A Hong Kong newspaper, Ta Kung Pao, says that in today’s world, no country’s general election gets on the United States’ nerves like Afghanistan’s. This is not only because the new U.S. administration has shifted its anti-terror focus to Afghanistan – where Obama needs a reliable, capable government to extract the U.S. from the eight year nightmare of the U.S.-Afghan war as quickly as possible – but also because Afghanistan is an experiment in American-style democracy. The Afghan presidential election was stumbling along until Abdullah announced his withdrawal, fatally weakening the attempt to install a democratic government in the country that fatally weakened the former Soviet Union.
The extract from Ta Kung Pao is as follows:
In today’s world, no country’s general election gets on the United States’ nerves like Afghanistan’s. This is not only because the new U.S. administration has shifted its anti-terror focus to Afghanistan – where Obama needs a reliable, capable government to extract the U.S. from the eight year nightmare of the US-Afghan war as quickly as possible – but also because Afghanistan is an experiment in American-style democracy. Success or failure now will decide the future and fate of American values in Afghanistan. The Afghan presidential election was stumbling along until Abdullah announced his withdrawal, halting the democratic process, causing Hamid Karzai to win the presidency by default and fatally weakening the attempt to install a democratic government in the country that fatally weakened the former Soviet Union.
According to Americans, democracy is a universal value that emphasizes fairness, justice, equality, and transparency, where voters express their will freely and elect their own administrators. But in Afghanistan, the combination of American democracy with this backward country has given birth to a deformed monster. We can easily see war, bribery, fraud and coercion, and a bit of radical Islam – everything but fairness and justice.
Afghan elections opened under extremely volatile conditions. After several years of respite, the Taliban has come back in force. Terrorist attacks have occurred continuously throughout the country, the Karzai administration’s ability to control the situation is steadily eroding and the U.S. military is bogged down in a quagmire of war, caught in a dilemma.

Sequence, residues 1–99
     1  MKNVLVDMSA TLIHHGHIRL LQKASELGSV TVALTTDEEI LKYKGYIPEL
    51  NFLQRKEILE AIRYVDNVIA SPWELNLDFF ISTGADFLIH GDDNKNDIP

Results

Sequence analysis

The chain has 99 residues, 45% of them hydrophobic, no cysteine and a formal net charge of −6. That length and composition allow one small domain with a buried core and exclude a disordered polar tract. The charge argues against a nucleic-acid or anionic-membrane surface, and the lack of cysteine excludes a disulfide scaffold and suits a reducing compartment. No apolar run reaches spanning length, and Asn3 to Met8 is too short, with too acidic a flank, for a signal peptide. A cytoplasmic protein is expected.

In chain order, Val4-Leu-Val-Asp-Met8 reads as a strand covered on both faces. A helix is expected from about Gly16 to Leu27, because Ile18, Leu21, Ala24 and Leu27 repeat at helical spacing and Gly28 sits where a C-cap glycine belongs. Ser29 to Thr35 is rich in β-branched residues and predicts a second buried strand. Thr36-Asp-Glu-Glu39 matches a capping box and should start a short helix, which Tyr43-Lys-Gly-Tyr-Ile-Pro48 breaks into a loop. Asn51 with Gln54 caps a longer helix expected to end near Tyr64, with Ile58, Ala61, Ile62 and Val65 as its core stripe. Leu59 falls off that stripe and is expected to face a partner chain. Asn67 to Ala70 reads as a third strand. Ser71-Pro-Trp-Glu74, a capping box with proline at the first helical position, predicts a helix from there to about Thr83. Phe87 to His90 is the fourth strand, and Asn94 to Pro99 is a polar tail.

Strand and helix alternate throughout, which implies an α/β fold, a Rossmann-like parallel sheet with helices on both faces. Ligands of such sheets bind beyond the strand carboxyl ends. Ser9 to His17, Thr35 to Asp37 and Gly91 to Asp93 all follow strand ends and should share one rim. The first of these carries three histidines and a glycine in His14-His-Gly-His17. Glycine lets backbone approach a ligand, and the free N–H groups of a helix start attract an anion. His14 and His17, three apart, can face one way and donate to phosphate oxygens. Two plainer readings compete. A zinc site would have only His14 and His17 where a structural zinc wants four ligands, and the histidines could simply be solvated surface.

The election was insufficiently free and fair from the beginning. Every aspect of the campaign was in need of improvement. Karzai, having administrative resources, could not wait to announce the winner and claimed victory as soon as the polls closed. Finally, even the Americans could not overlook this mess. After a recount, it was determined that serious election fraud had occurred, so Afghanistan carried out a second round of voting. This round was resolved after two months of deadlock, and the United States saved a little face.
However, misfortunes never come in ones. In the second round of elections on November 1, Karzai’s opponent Abdullah abruptly announced his withdrawal from the election, saying that Karzai had turned down his requests, which included a recall of the Independent Electoral Commission Chairman, and other points relevant to the three key election conditions. In fact, Abdullah understood that under the existing conditions, because he had no power to challenge his rival, the fraud in the second round of voting would be as bad as in the first. His involvement would only have been an endorsement for the legitimacy of Karzai’s re-election.
In the end, the vigorous presidential election in Afghanistan turned into a one-person farce. Karzai undoubtedly achieved re-election, but the problem is the unfairness and non-representative nature of a one-candidate election. With this dramatic end to the Afghan presidential election, Karzai’s new government is bound to be weak and its authority and legitimacy will be questioned constantly. Abdullah has become a force and, although Karzai has repeatedly said he would not share power, in any actual decision-making Karzai will have to consider Abdullah as a real power. The Afghan election has also led to greater uncertainty about Barack Obama’s new anti-terror policies. Under the current conditions, it will be more difficult for Obama to persuade Congress and the American public to increase spending to support troops in a country where the legitimacy of the government is so questionable.
In the current situation, Afghanistan’s instability, economic collapse, and counter-terrorism stalemate, the United States urgently needs the so-called democratic achievement it has been flaunting for eight years and needs to demonstrate that a genuine democratic system has taken root in Afghanistan. But, in fact, the opposite has occurred. With the election over, the graft of an American-style democracy into the Afghan political system has failed.
About this publication